3 MARCH 1961, Page 16


Sig,.--While not sharing Professor Enright's views, I would have made the same .slips as he has about Take a Girl Like You. Mr. Amis's letter makes it quite clear that we were wrong. And I cannot see what purpose is served by the letter from your correspondent in Belfast, who simply repeats Pro- fessor Enright's points in a nasty tone contrasting notably with the sharp but decent one which had hitherto prevailed; no vendettas here, please!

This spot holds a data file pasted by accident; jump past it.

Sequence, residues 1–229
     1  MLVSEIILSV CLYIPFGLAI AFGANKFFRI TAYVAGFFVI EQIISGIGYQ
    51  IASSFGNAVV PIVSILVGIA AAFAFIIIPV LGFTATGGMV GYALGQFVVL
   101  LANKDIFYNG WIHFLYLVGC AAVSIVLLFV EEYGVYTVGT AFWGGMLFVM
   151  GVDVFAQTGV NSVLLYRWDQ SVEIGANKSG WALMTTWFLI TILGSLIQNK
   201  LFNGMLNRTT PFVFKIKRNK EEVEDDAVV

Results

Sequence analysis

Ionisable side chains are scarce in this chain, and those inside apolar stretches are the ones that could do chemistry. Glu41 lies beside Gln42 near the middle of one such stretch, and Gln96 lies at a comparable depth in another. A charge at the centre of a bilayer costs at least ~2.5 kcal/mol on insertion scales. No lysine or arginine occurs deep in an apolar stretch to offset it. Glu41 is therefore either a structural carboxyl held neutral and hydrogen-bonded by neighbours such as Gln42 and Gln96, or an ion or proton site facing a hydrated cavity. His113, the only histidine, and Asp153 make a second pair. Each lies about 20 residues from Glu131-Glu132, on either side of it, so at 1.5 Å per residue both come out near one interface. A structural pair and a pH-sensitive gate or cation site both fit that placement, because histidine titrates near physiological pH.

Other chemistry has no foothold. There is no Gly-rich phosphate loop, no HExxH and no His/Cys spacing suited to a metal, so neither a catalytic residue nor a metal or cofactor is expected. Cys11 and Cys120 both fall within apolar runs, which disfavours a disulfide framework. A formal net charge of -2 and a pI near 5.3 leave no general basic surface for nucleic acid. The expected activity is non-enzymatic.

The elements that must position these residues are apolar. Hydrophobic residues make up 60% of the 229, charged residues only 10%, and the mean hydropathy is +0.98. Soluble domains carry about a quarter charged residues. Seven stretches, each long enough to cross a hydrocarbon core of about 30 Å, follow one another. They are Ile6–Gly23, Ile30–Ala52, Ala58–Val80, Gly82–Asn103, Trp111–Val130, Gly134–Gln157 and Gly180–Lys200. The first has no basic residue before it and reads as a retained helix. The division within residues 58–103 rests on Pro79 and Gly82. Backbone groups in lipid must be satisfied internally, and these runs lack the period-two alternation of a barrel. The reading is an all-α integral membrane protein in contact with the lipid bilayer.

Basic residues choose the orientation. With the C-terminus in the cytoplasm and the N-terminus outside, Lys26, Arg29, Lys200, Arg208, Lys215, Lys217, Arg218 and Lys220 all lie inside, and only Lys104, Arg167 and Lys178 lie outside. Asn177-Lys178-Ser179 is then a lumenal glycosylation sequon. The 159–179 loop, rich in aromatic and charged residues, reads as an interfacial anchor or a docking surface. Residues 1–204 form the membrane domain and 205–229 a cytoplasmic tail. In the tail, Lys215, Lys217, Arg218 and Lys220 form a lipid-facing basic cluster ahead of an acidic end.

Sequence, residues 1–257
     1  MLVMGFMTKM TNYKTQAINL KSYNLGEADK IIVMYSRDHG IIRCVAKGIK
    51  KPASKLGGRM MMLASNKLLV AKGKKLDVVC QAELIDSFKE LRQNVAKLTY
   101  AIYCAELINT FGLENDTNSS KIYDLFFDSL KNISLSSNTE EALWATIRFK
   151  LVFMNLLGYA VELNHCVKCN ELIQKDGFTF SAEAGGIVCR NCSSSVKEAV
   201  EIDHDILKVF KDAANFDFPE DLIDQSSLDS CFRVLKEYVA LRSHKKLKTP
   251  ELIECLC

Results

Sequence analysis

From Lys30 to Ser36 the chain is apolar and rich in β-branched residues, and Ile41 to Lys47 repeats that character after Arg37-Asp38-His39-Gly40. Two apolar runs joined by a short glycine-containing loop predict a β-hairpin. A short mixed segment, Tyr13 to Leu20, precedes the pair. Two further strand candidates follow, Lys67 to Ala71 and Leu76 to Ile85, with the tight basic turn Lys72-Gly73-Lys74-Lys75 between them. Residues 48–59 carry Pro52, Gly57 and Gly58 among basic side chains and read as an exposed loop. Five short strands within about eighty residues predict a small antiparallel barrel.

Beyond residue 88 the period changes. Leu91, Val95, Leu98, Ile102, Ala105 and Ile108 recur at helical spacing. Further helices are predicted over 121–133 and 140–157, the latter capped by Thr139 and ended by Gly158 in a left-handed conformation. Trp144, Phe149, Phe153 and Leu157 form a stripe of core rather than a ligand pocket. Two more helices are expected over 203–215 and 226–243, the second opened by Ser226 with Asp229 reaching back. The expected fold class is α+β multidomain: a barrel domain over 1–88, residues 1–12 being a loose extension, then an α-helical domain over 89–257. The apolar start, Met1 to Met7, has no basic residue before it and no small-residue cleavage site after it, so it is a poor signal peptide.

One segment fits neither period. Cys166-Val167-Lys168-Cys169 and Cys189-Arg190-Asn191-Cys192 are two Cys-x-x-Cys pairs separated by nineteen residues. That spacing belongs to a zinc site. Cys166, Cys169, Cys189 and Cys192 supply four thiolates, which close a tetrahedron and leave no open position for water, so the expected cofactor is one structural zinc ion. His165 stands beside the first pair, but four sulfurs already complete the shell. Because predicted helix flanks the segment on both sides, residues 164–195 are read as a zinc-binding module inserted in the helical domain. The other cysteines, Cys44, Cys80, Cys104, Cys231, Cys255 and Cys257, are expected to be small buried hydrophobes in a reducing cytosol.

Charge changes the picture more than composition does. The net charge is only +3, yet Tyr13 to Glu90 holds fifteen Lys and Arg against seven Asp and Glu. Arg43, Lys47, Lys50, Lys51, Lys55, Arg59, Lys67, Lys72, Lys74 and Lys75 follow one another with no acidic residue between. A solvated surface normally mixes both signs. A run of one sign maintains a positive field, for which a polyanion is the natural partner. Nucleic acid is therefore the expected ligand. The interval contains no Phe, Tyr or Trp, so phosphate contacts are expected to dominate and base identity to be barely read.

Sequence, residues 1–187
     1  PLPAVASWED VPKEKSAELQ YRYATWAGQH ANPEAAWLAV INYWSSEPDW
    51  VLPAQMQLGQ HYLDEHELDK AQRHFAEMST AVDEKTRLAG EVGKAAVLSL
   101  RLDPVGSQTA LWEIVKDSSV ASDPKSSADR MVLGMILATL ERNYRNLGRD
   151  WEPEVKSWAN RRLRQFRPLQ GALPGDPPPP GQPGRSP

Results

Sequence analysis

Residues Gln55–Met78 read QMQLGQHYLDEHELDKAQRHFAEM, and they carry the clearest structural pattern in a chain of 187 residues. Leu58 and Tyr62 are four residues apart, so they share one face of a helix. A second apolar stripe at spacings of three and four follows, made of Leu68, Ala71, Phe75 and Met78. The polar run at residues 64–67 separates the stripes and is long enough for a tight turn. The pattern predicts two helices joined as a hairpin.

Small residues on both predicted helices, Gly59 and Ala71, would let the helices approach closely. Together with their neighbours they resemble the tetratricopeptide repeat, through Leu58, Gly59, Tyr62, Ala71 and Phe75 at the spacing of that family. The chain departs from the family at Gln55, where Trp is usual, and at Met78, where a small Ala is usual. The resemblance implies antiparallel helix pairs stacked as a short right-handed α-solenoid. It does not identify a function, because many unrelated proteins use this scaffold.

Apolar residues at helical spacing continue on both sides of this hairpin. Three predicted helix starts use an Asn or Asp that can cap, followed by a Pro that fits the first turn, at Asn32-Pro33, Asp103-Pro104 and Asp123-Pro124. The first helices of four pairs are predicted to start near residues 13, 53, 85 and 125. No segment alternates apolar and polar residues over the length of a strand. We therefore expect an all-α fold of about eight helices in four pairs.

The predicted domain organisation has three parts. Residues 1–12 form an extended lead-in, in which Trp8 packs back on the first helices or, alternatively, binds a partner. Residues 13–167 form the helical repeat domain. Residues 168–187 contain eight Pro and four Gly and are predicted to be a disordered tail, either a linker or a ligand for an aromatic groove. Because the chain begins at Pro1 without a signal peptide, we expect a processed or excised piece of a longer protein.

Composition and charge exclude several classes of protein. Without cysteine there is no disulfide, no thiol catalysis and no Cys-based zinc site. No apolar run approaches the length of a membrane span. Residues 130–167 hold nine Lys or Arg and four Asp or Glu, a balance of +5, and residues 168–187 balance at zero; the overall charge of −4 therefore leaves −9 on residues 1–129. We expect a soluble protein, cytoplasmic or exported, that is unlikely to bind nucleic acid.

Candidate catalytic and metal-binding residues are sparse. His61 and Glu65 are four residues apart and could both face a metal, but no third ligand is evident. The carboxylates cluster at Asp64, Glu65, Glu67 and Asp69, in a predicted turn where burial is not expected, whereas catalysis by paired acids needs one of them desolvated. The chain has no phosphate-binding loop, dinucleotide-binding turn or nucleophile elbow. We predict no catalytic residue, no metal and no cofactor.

But Professor Enright's slips do not substantially affect his argument. Without wishing to deal with this in full, I think it requires one obvious and im- portant amendment. To put Beethoven's name as twelfth man in a cricket team of Hies noires, even if we take Mr. Amis as concioning (or instigating) it, cannot be properly called a 'Sneer.' It is surely some- thing less mean and less self-justificatory--a rasp- berry. To blow a raspberry at Beethoven may not be a sign of good taste, but surely it is not actually immoral, as Professor Enright rather implies? (And, really, even if an author could be proved to be in sympathy with his leading character. this could in no case be pressed to extend to details such as his taste in music--Patrick is a keen cricketer, for ex- ample: is Mr. Amis?) Mr. Amis is nevertheless a little to blame, by his own standards, if even some readers (Miss White- horn was brighter than 'Professor Enright or myself) were left with a false impression-about a forthcoming marriage. The text does not justify us, it is true, but Mr. Amis detests, and rightly, literature that needs explanation and exegesis, and he might per- haps have found some way of making it unnecessary in this cast, though I see the difficulties.—Yours faithfully,